May 16, 2021

The Media Equation: How Esquire Survived Publishing’s Dark Days

Amid the plague that hit the magazine industry back then, Esquire was worse off than most. Beaten up by a crop of lad magazines like Maxim, then hammered by the flight of advertisers and readers to the Web, Esquire suffered a 24.3 percent loss in advertising pages compared with 2008, which was almost as bad, by the way. A Web site for investors, 24/7 Wall Street, predicted in 2009 that Esquire would be one of “Twelve Major Brands that Will Disappear” the following year.

Worse still, guys like me who have a general interest in the general interest — politics, music, sports, and yes, good-looking women — were looking elsewhere for guidance on how to be a modern man. I didn’t fit the demo perfectly — my fashion look has been compared to a laundry basket that grew legs — but I still should have been an Esquire reader. Like so many others, however, I began assembling my own content, grabbing sports from Deadspin, political profiles from New York magazine, and music advice from sites like Pitchfork.

For long-form reading, I had a nightstand full of narrative heaves from The New Yorker, and celebrity news had become so ubiquitous that I found myself uninterested in Esquire cover articles about Angelina Jolie or Ben Affleck, no matter how good the writing was.

Though it continued to be a handsome, well-crafted magazine, amid the sparkle of all the saucy new media, Esquire began to look like your father’s Oldsmobile. And we all know what happened to that brand.

David Granger, the editor in chief of the magazine, said that during those grim days he fired 20 percent of his staff and slashed editorial pages.

“It was ugly around here,” he said, sitting in his 21st floor office in Midtown Manhattan looking out toward the buildings stacked in rows like dominoes. “I don’t think it was ever as dire as it was portrayed, but we had a deep recession in the magazine business, and the recovery has been a fragile one.”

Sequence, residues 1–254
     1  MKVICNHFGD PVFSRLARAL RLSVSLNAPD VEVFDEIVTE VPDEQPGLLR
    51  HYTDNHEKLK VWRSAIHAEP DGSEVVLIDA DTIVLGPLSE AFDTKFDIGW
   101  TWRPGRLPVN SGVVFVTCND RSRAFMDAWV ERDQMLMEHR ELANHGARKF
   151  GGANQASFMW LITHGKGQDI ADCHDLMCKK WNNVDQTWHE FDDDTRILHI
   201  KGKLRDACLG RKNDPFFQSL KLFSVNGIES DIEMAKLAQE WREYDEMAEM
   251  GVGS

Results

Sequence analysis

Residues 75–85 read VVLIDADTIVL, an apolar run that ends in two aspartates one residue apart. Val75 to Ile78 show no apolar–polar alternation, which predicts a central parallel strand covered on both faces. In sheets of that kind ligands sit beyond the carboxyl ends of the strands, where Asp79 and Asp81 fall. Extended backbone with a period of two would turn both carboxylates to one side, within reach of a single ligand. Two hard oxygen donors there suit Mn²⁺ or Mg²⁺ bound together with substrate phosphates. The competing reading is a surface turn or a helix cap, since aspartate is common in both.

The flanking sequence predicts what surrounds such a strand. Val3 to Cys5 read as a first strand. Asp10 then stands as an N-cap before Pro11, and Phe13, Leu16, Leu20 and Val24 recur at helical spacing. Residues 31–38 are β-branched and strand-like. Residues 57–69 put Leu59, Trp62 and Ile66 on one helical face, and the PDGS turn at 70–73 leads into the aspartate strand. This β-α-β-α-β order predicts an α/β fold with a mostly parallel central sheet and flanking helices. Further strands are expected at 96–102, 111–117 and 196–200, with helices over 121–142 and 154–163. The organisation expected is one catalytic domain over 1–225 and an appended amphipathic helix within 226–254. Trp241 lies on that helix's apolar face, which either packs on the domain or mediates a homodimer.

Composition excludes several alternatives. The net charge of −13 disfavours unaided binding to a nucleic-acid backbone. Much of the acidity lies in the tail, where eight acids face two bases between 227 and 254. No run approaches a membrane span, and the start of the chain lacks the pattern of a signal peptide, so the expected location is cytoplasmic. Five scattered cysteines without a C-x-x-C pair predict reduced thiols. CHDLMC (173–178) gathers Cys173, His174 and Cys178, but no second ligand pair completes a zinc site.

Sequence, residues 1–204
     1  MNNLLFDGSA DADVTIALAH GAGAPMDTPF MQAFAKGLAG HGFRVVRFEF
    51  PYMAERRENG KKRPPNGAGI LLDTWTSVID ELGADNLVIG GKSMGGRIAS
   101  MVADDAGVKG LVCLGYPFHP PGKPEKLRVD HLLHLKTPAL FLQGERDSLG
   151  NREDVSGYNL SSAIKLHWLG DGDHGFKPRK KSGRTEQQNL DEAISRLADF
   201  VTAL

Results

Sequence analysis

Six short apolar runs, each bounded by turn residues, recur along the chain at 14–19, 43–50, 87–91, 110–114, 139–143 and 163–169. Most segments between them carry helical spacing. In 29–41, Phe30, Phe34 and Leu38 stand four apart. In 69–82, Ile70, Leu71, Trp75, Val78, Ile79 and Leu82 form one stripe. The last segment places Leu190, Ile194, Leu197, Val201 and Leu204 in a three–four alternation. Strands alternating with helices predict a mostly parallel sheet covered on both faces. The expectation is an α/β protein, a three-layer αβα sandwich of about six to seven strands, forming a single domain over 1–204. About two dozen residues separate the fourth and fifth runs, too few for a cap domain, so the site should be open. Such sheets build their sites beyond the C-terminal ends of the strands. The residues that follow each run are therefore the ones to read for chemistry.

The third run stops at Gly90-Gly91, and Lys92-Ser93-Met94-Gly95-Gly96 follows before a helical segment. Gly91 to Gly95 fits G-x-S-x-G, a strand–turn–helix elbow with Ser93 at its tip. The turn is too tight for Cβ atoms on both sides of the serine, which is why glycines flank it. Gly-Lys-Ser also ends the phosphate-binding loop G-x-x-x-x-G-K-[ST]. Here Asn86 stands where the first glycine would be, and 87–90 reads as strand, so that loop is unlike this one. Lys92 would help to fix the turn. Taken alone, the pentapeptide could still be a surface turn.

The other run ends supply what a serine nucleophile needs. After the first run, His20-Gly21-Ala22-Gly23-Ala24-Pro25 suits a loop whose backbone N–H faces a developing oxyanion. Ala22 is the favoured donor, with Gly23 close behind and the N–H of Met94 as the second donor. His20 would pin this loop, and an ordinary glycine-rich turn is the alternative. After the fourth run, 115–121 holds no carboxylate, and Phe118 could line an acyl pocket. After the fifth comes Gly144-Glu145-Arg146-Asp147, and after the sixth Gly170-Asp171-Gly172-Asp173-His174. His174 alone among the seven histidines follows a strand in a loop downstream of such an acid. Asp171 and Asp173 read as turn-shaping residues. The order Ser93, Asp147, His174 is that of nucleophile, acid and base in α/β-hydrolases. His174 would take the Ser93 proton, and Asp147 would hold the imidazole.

Mr. Granger is known in the industry as a relentlessly decent, talented guy. Balding, with a mug that would not be out of place at a V.F.W. hall, he may wear custom-made shirts, but he will spend more time telling you the story behind the amazing woman who made them than how much they cost. He gets excited about stuff — stories, writing, cocktail recipes, shoes — in a way that is hard to resist.

But nice guy or no, he was up against it back then, hard, and changes had to be made. This would be the spot where the modern media executive jettisons tradition and dumps seasoned writers and editors overboard in favor of shiny faces with reduced price tags. He did none of that.

Esquire’s four narrative horsemen — Scott Raab, Tom Junod, Charles Pierce, and John H. Richardson, who have been turning out big, ambitious pieces for years — remain in place, as do the people who edited them, Peter Griffin and Mark Warren. Classy that, to stay with those that brought you even though your magazine is hemorrhaging money. But here’s the weird part, and no one is more surprised than I am.

Esquire is not dying — it is killing it. In 2011, a year when the magazine industry was flat to down a bit, Esquire was up 13.5 percent in ad pages from the previous year. This at a time when GQ was down 6.3 percent in advertising pages and Details was down more than 10 percent, according to the Publishers Information Bureau. David Carey, the chief of Hearst Magazines, said that the private company did not discuss profits, but added: “Relative to our other 20 businesses, Esquire was No. 1 in year-over-year performance. David has done an amazing job.”

Unpacking Esquire’s revival is complicated, but worth thinking through. As the magazine came under pressure from other publications and the Web, Mr. Granger departed from standard design templates and modernized the front of the magazine to reflect the growing interest in marginalia and small laughs, with goofy asides and in-jokes.

E-mail: carr@nytimes.com;

Twitter.com/carr2n

Article source: http://feeds.nytimes.com/click.phdo?i=d77abc1e9df7f88d9647f0e5c6dae8d1

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